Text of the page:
And part of what I write about is the degree to which the media changes in a way that I did not fully anticipate. You couldn’t even see  it, but it started just as I’m getting elected the importance of mainstream, the old network. Walter Cronkite, Nightly News, New York Times, Washington Post  uh, them being sort of the curators and the gatekeepers for what’s acceptable and what’s not. That starts to break down, and the media suddenly scatters in a million different pieces, and then you get social media and people are  just absorbing whatever stories they’re telling in a way that’s unchallenged.  And that creates the kind of division and two separate realities or, in some cases,  10 separate realities in which you know conspiracy, theorizing and rumors that  Obama is a Muslim or he wasn’t born in this country, or Michelle hates white people  or all that stuff can fester and be disseminated with millions of people believing in it. And we started seeing that fairly early on in my presidency.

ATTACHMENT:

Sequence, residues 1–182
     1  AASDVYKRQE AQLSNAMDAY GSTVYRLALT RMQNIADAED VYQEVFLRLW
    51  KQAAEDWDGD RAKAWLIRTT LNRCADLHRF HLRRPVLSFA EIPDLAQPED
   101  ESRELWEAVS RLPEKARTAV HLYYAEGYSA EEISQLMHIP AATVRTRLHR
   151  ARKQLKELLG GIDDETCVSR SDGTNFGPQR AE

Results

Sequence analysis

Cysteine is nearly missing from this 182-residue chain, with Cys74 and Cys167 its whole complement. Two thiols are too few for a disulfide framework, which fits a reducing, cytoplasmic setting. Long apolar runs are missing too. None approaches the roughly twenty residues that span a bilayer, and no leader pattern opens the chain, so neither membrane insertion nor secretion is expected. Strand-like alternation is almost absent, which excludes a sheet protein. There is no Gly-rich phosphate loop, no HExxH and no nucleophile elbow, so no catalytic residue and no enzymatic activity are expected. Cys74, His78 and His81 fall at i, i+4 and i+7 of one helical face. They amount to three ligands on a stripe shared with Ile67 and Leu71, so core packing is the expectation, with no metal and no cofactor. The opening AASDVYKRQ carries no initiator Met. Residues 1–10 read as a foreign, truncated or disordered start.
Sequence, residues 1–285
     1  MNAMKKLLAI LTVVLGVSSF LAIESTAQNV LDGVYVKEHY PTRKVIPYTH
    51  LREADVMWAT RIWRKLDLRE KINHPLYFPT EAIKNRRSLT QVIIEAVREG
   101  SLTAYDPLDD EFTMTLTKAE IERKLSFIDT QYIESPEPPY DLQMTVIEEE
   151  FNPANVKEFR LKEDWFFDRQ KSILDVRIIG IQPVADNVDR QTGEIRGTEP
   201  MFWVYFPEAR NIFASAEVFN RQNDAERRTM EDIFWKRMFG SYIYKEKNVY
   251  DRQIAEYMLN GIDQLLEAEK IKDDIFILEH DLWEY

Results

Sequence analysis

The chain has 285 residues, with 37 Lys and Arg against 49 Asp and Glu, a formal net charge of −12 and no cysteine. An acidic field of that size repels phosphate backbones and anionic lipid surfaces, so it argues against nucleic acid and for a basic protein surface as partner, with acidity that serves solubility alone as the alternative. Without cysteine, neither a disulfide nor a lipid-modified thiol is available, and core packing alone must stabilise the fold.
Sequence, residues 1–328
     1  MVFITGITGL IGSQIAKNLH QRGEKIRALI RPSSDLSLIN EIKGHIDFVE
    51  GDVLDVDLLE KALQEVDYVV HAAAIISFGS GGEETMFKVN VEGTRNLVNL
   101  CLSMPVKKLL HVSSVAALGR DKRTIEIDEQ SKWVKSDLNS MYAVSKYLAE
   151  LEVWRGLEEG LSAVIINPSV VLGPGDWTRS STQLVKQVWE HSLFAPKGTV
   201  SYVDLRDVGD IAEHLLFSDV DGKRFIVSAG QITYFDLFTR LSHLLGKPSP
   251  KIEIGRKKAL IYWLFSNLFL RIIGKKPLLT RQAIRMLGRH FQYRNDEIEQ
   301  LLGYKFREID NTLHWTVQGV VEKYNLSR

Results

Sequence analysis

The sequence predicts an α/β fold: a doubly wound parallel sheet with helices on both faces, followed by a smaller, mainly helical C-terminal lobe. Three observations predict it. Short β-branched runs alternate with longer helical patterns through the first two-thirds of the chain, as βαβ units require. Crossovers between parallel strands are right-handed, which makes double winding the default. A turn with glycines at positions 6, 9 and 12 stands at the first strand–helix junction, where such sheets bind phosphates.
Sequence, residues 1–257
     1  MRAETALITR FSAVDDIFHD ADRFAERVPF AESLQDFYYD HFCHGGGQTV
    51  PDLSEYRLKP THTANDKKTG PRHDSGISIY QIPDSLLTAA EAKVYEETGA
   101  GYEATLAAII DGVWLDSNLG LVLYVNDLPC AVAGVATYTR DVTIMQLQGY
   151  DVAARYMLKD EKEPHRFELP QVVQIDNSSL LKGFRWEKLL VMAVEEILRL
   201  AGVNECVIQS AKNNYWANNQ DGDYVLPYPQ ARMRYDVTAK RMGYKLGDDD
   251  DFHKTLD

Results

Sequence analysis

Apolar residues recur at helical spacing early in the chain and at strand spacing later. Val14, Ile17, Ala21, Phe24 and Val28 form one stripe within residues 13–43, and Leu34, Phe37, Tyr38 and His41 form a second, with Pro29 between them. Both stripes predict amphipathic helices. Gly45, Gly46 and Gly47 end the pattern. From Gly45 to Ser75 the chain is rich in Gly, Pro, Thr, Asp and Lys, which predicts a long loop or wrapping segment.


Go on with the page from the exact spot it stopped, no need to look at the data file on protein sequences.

WINFREY:  What comes through as the essence of this book to me is this love affair you have with the idea of America. Where did that come from?

OBAMA: …And so it in fits and starts, I decided that if I can be a part  of making America more whole, then then that’s part of me making myself more whole that, that if, if I can, get people who look differently to see each other and hear each other and understand each other, then I’m not pulled apart. And  this was in my race speech in Philadelphia during a crisis in our campaign, and I have to try to explain to the country Jeremiah Wright, who had been my pastor in Chicago, who had said a bunch of inflammatory things that had scared a whole bunch of or disturbed a whole bunch of white voters. [2008 clip] “I can no more disown him than  I can disown the black community…”